CINDER

Magic. Ghosts. Sex. Demons. Everything you don’t want in your reading material. It’s so hard to find good books in this day and age, ones that don’t bother your conscience because of the contents. This blog is to help you find good, clean books that don’t totally twist what’s wrong into something that’s right- but they aren’t books for little kids. I promise, there are teen books that fit this criteria. You just have to look hard. 

Let’s begin.

CINDER cover

Rating: PG-13, for descriptions of the plague, some romantic themes, and some violence (but not much)

Cinder is exactly what I always wanted- an action-packed, uniquely told spin on a classic tale- one that makes an old fairy tale even better. It’s the first book of the Lunar Chronicles (the other two will be covered later, as well as the 4th book when it is released in 2015) and the entire series is devoted to merging and putting new, sci-fi twists (without magic) to classic fairy tales, including Cinderella (Cinder), Red Riding Hood and the Big Bad Wolf (Scarlet, book 2), Rapunzel (Cress, book 3), and Snow White (Winter, book 4).

The official summary:
Humans and androids crowd the raucous streets of New Beijing. A deadly plague ravages the population. From space, a ruthless lunar people watch, waiting to make their move. No one knows that Earth’s fate hinges on one girl.

Cinder, a gifted mechanic, is a cyborg. She’s a second-class citizen with a mysterious past, reviled by her stepmother and blamed for her stepsister’s illness. But when her life becomes intertwined with the handsome Prince Kai’s, she suddenly finds herself at the center of an intergalactic struggle, and a forbidden attraction. Caught between duty and freedom, loyalty and betrayal, she must uncover secrets about her past in order to protect her world’s future.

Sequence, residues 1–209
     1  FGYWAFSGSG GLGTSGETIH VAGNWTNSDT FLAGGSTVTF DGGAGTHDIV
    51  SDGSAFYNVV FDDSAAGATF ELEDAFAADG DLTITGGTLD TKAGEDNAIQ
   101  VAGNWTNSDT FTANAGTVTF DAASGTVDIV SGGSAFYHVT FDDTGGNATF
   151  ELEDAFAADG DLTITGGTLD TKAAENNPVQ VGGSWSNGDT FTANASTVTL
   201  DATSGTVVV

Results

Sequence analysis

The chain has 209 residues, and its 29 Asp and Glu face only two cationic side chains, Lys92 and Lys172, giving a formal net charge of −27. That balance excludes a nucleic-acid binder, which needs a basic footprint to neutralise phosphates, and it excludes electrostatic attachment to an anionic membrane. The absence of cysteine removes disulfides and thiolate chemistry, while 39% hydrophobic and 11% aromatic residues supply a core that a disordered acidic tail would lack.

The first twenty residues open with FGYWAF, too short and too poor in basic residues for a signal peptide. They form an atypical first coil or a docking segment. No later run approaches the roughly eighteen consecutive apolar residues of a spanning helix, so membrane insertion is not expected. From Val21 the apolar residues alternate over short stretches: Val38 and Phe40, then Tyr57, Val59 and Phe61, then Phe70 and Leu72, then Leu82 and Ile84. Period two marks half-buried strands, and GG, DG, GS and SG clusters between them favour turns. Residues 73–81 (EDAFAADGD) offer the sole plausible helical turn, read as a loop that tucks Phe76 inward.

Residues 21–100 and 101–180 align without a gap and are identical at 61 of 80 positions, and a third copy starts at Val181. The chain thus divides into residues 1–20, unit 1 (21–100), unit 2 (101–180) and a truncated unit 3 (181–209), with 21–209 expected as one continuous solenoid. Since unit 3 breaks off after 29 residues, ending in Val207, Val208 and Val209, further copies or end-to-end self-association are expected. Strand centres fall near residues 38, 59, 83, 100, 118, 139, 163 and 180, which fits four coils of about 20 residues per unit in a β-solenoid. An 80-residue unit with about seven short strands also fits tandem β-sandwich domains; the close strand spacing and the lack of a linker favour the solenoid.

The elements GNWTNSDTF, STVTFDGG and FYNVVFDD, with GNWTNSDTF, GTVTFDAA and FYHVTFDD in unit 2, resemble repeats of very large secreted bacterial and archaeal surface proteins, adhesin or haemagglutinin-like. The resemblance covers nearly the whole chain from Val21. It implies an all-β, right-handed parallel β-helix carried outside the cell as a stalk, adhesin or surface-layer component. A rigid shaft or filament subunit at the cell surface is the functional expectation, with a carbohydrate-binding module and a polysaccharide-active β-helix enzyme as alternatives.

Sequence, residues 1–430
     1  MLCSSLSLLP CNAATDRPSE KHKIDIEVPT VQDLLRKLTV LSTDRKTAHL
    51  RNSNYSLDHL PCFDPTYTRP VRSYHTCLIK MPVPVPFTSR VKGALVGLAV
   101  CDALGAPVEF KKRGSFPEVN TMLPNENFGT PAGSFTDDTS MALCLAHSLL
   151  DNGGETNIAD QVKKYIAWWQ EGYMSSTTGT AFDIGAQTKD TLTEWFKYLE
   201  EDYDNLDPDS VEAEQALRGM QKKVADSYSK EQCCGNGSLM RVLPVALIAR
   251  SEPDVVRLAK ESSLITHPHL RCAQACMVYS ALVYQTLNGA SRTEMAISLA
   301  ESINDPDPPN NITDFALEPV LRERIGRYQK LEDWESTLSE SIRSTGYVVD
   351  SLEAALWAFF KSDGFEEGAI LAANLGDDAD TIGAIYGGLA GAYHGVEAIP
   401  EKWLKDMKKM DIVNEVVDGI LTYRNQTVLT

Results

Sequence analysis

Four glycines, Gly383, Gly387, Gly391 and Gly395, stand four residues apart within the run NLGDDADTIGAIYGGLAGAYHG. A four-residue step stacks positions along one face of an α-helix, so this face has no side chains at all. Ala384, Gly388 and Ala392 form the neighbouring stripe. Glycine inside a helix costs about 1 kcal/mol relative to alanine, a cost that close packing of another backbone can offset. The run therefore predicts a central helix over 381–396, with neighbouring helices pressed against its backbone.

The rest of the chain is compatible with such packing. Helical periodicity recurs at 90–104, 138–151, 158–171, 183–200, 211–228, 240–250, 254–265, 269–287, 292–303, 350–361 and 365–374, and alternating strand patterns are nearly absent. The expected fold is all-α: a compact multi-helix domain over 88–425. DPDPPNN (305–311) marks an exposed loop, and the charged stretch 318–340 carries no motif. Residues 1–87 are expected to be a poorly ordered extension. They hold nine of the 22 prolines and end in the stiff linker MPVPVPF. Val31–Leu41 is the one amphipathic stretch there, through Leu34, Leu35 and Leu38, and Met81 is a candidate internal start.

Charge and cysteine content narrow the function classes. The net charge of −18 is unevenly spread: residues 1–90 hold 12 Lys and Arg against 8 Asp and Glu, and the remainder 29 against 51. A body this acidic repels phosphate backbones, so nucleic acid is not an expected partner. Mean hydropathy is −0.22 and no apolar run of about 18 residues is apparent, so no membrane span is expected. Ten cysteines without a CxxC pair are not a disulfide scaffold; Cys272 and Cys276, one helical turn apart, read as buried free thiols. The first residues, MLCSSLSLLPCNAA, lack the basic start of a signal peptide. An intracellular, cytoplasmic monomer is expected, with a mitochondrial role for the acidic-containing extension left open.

My Thoughts:

Yes, it is as good as it sounds. What I love about this book is that it takes a beloved classic story that I can’t enjoy because of magical elements (Fairy godmothers, magic pumpkin carriages, etc.) and turns it into a story that seems tailor-made for us to enjoy, no magic necessary. And even though there is a little bit of romance (enough to fulfill my girly side) at no point does it overtake the main plot, or even the series. There’s no explicit sex scenes, or even non-explicit ones, not even a mention of it, because, for once, the relationship is not the focus of the story! And Cinder stays a true heroine- she doesn’t become some crying wretch who needs Kai to save her all the time, she doesn’t start relying on people to do everything she needs, and she does what she needs to do to save her friends, despite humiliation and hurt and a lot of misunderstandings. It’s action-packed, but no gory scenes make you want to poke your imagination out with a spork. The only thing that might do that is the description of the plague quarantine area, where Cinder ends up going for reasons I will not disclose (no spoilers here!) And don’t let me forget the Lunar people- they have a special power that has come from centuries of moon inhabitance, called a glamour, that alters people’s perception of them, and their own empire that the Queen, Levana, is trying to expand to Earth. But she’s bad news, and Cinder has to find a way to keep Kai from having to marry her for an alliance- which will surely end in his death, because she’s ruthless. And Cinder is just the beginning. Scarlet and Cress are even better, entwining fairy tales and loveable characters without a hitch, using the old classics (we’re talking Hans Christian Andersen-type here, not so much Disney) to weave a new tale of intrigue, betrayal, and courage that you won’t soon forget.

My personal rating for Cinder: Four stars. I love it, but I prefer the main characters from Scarlet and Cress (even though Cinder and Kai are all in the rest of the books, of course) over the ones that predominate in Cinder.

Questions? Comments? Suggestions on books I should review? Leave a comment below and I’ll get to your book as soon as I can.

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